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Journal of Food Engineering 57 (2003) 305–314 www.elsevier.


Impregnation and osmotic dehydration of some fruits: effect of the vacuum pressure and syrup concentration 
pez-Malo b, E. Palou b, J. Welti-Chanes jica-Paz a, A. Valdez-Fragoso a, A. Lo H. Mu


a Facultad de Ciencias Qu ımicas, Universidad Auto noma de Chihuahua, Ciudad Universitaria, Chihuahua 31170, Mexico ricas-Puebla, Santa Catarina Ma rtir, Cholula, Puebla 72820, Mexico Departamento de Ingenier ıa Qu ımica y Alimentos, Universidad de las Ame

Received 1 August 2000; received in revised form 24 July 2002; accepted 29 July 2002

Abstract Apple, mango and melon were subjected to impregnation and osmotic dehydration at vacuum pressure (VI-VOD). The effect of the vacuum pressure (135–674 mbar) and concentration of the sucrose solutions (41–60°Brix) on the mass transfer parameters were evaluated. The lowest final aw levels in apple and mango were achieved with 50°Brix syrup and vacuum pressure of 674 mbar and in melon with 57°Brix and 593 mbar. Water loss of similar magnitude was observed in melon and mango, and there was water gain in the case of apple. The solids gain (SG) in apple was higher than in melon and mango. Minimal values of SG were detected in mango, and a maximum SG value was observed in apple. Melon and mango presented weight losses of up to 8.9% while the weight of apple increased. Results indicated that the impregnation phenomena predominated in the combined VI-VOD process of apple and osmotic dehydration phenomena in melon and mango. Ó 2003 Elsevier Science Ltd. All rights reserved.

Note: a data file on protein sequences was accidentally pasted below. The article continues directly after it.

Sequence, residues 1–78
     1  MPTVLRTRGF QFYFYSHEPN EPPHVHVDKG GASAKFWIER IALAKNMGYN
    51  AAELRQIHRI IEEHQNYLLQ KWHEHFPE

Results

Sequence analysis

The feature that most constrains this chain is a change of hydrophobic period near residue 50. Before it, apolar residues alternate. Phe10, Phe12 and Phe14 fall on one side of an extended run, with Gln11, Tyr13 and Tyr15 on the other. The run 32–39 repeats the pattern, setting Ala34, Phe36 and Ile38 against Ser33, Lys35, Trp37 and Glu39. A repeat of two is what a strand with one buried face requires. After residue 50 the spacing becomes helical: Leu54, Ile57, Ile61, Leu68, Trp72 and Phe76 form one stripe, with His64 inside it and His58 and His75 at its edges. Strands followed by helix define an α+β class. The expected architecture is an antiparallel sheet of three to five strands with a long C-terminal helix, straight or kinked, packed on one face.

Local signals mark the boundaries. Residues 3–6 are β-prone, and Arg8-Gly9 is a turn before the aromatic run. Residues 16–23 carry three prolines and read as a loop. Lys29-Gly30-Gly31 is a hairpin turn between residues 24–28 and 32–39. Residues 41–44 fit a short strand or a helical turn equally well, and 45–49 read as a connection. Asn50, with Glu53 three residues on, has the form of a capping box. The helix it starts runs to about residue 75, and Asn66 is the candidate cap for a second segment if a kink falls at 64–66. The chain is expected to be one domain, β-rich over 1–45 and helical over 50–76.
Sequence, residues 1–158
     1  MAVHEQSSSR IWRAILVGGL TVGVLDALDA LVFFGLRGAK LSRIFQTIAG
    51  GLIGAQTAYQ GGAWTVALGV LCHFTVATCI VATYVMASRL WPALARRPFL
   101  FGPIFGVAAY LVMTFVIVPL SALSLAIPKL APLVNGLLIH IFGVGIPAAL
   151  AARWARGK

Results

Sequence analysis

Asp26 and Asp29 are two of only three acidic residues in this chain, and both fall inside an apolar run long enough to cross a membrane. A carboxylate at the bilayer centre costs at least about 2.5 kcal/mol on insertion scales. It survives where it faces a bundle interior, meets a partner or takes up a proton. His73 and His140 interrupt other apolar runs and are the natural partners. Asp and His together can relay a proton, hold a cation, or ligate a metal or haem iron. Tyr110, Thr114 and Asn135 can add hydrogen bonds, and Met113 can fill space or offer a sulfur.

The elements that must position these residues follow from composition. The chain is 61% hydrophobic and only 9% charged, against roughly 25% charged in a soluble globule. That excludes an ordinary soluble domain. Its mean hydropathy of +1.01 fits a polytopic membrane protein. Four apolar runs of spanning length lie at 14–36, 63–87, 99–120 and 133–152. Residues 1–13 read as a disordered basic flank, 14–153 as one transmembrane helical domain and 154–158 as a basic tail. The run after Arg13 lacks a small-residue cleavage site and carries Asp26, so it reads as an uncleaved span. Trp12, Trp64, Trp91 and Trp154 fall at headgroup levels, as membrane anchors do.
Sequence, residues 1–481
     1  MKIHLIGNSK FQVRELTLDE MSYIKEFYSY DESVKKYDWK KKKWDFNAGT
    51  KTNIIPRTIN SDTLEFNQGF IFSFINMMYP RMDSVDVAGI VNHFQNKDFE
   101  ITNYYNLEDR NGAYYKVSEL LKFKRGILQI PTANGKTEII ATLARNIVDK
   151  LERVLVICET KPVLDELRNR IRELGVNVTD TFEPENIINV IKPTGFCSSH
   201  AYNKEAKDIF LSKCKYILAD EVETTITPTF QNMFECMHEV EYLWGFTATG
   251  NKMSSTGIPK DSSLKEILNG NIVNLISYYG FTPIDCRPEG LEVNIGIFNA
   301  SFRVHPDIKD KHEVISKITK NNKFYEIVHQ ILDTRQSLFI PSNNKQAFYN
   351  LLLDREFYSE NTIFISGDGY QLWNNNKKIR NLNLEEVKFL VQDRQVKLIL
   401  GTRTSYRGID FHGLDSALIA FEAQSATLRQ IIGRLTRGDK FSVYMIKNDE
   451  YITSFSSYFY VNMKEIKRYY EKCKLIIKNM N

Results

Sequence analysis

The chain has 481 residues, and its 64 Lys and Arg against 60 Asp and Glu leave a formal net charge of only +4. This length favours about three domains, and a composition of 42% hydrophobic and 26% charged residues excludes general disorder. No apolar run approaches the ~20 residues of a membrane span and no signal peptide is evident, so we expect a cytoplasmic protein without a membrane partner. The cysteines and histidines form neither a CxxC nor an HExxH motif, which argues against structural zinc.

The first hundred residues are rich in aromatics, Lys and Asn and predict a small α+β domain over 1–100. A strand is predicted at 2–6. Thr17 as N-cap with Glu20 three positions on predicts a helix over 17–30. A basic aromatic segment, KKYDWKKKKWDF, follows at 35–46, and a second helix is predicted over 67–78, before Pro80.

Keywords: Impregnation; Osmotic dehydration; Vacuum pressure; Syrup concentration; Fruits

1. Introduction Osmotic dehydration (OD) is a process that allows to obtain partially dehydrated foods. This process has been broadly studied at atmospheric pressure (AOD), to know the effect of factors such as concentration of osmotic solution (OS), type of solute, temperature, time, agitation, etc., on the dehydration of many products (Hawkes & Flink, 1978; Le Maguer & Biswal, 1988; Lerici, Pinnavaia, Dalla Rosa, & Mastrocola, 1983; pez-Malo, Argaiz, & Welti Chanes, 1993). Palou, Lo Recently, both impregnation and OD at vacuum pressure (VI-VOD) have been studied, since a faster dehydration can be achieved by means of this treatment and, at the same time, active compounds can be impregnated in foods in a controlled way (Fito & Chiralt, 1994). One advantage of VI-VOD over AOD is that the solid–liquid interface area and the mass transfer between both phases could be increased by the use of sub-atmospheric , conditions (Fito, Chiralt, Barat, & Mart ınez-Monzo 2002).


Corresponding author. Tel.: +522-229-2005; fax: +522-229-2009. E-mail address: (J. Welti-Chanes).